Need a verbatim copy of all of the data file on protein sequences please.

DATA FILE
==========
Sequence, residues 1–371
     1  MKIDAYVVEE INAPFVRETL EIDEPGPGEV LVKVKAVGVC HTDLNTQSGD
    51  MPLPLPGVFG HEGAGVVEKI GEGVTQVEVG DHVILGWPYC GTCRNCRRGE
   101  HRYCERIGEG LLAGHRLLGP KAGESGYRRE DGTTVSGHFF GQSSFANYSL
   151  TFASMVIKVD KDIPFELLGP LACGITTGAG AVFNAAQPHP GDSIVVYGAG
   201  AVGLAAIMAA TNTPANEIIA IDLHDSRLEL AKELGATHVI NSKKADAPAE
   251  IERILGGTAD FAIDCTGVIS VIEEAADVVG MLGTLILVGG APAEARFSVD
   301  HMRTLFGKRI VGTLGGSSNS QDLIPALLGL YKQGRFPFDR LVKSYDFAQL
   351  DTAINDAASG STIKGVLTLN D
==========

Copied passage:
Sequence, residues 1–371
     1  MKIDAYVVEE INAPFVRETL EIDEPGPGEV LVKVKAVGVC HTDLNTQSGD
    51  MPLPLPGVFG HEGAGVVEKI GEGVTQVEVG DHVILGWPYC GTCRNCRRGE
   101  HRYCERIGEG LLAGHRLLGP KAGESGYRRE DGTTVSGHFF GQSSFANYSL
   151  TFASMVIKVD KDIPFELLGP LACGITTGAG AVFNAAQPHP GDSIVVYGAG
   201  AVGLAAIMAA TNTPANEIIA IDLHDSRLEL AKELGATHVI NSKKADAPAE
   251  IERILGGTAD FAIDCTGVIS VIEEAADVVG MLGTLILVGG APAEARFSVD
   301  HMRTLFGKRI VGTLGGSSNS QDLIPALLGL YKQGRFPFDR LVKSYDFAQL
   351  DTAINDAASG STIKGVLTLN D